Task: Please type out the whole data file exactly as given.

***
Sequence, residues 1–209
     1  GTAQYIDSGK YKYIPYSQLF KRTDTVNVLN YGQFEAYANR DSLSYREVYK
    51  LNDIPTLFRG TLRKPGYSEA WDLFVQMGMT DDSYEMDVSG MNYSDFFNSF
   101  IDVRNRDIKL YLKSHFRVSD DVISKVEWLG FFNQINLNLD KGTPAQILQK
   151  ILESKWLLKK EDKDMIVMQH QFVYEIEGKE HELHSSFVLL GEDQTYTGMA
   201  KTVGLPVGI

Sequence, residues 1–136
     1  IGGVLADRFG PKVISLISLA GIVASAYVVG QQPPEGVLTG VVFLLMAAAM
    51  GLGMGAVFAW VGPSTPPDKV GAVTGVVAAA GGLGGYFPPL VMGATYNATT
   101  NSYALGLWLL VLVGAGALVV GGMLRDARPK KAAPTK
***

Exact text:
Sequence, residues 1–209
     1  GTAQYIDSGK YKYIPYSQLF KRTDTVNVLN YGQFEAYANR DSLSYREVYK
    51  LNDIPTLFRG TLRKPGYSEA WDLFVQMGMT DDSYEMDVSG MNYSDFFNSF
   101  IDVRNRDIKL YLKSHFRVSD DVISKVEWLG FFNQINLNLD KGTPAQILQK
   151  ILESKWLLKK EDKDMIVMQH QFVYEIEGKE HELHSSFVLL GEDQTYTGMA
   201  KTVGLPVGI

Sequence, residues 1–136
     1  IGGVLADRFG PKVISLISLA GIVASAYVVG QQPPEGVLTG VVFLLMAAAM
    51  GLGMGAVFAW VGPSTPPDKV GAVTGVVAAA GGLGGYFPPL VMGATYNATT
   101  NSYALGLWLL VLVGAGALVV GGMLRDARPK KAAPTK